The comment above, made by Ibrahim Shawkat to his brother-in-law Yasin, sons of the most famous family in Arabic literature, cuts to the heart of Lucie Ryzova's exploration of effendi identity formation in interwar Egypt. It also raises a plethora of questions, some of which she answers, others that she leaves dangling—no crime in that, to be sure—about the formative decades of a “liberal experiment” that has been sidetracked and sabotaged now for nearly a century, but that continues to exert a profound influence on the Egyptian self-image.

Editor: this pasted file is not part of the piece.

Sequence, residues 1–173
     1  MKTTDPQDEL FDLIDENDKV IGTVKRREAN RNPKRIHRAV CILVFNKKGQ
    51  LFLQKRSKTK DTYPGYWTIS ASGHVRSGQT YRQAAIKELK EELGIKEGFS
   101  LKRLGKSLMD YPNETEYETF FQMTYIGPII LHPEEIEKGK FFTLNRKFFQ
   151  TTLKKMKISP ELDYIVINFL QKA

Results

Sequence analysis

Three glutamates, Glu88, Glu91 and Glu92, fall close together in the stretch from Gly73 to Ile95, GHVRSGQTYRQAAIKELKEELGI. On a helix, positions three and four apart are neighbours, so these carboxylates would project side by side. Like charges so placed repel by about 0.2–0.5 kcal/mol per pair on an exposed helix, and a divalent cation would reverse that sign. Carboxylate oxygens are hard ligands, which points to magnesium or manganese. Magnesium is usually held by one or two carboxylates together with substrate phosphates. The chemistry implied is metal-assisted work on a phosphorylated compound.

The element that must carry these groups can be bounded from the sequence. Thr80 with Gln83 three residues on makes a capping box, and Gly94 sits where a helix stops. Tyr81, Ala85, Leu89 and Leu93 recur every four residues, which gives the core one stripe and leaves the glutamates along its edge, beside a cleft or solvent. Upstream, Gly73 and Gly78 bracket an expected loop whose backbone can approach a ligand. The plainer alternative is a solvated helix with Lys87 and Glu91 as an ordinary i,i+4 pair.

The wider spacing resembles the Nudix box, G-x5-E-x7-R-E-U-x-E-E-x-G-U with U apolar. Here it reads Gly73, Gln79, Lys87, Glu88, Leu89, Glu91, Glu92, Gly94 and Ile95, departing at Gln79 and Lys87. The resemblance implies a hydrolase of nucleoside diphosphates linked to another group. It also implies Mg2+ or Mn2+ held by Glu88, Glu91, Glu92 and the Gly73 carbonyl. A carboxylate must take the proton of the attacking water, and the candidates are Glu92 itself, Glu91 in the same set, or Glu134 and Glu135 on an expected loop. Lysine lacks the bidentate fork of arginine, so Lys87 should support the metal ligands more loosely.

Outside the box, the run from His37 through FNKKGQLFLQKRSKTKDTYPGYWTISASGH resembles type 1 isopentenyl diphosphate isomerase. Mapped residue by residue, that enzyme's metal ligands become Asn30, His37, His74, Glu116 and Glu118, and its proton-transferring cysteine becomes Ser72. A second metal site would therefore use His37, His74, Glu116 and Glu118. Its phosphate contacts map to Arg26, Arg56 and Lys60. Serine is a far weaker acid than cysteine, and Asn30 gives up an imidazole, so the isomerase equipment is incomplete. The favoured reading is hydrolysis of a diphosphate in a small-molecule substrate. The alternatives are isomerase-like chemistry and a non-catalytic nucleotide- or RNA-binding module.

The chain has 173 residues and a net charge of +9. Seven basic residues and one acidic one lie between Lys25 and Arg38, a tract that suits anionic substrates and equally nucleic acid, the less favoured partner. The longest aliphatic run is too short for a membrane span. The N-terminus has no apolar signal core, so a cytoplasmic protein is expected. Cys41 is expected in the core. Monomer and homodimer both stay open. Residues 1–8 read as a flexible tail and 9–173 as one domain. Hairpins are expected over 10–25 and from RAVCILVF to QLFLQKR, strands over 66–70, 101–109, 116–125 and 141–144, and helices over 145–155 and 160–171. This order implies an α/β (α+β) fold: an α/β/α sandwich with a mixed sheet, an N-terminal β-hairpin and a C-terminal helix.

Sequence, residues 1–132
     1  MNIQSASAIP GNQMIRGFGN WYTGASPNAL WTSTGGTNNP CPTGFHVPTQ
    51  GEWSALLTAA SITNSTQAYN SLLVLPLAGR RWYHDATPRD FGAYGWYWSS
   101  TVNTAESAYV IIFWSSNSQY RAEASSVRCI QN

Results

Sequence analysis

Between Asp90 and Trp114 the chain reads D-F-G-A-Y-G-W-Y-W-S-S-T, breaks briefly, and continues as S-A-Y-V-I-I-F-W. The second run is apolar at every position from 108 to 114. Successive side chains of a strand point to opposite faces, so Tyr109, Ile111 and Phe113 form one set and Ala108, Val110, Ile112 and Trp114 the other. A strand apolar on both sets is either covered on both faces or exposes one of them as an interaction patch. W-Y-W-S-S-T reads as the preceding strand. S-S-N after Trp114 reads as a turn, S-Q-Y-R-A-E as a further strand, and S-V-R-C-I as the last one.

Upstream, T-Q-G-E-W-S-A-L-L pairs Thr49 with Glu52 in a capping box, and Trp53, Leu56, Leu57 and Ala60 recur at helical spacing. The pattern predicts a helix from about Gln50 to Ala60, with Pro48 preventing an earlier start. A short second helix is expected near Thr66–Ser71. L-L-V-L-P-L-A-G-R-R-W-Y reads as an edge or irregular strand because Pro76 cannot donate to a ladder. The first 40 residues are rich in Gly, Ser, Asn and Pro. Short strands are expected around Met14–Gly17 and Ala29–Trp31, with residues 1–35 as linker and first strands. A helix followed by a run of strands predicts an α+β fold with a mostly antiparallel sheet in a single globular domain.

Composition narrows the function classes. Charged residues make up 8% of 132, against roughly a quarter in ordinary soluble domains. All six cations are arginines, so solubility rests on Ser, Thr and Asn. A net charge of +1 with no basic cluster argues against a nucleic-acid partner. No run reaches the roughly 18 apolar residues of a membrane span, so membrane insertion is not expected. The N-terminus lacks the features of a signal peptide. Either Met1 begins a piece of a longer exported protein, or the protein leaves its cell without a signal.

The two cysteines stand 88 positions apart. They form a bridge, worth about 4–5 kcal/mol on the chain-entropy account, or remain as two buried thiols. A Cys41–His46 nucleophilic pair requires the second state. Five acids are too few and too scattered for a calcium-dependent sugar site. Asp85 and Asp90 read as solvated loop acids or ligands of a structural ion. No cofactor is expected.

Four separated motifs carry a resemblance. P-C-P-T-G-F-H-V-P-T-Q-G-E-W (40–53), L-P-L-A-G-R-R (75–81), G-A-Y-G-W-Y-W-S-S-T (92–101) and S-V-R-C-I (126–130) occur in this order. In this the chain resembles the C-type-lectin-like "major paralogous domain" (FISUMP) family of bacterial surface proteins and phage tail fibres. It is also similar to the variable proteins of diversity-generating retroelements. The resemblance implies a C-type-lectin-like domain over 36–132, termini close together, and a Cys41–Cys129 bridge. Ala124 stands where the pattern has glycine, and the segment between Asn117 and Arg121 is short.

Effendi, as Ryzova notes, originally signified an administrative rank, third in line in the Ottoman schema after Pasha and Bey, and was reserved almost exclusively for Egypt's Turkic elite. Over time, as more native Egyptians gained access to a blossoming “modern” school system and entered government service the title lost its official status and became instead a marker of an upwardly...

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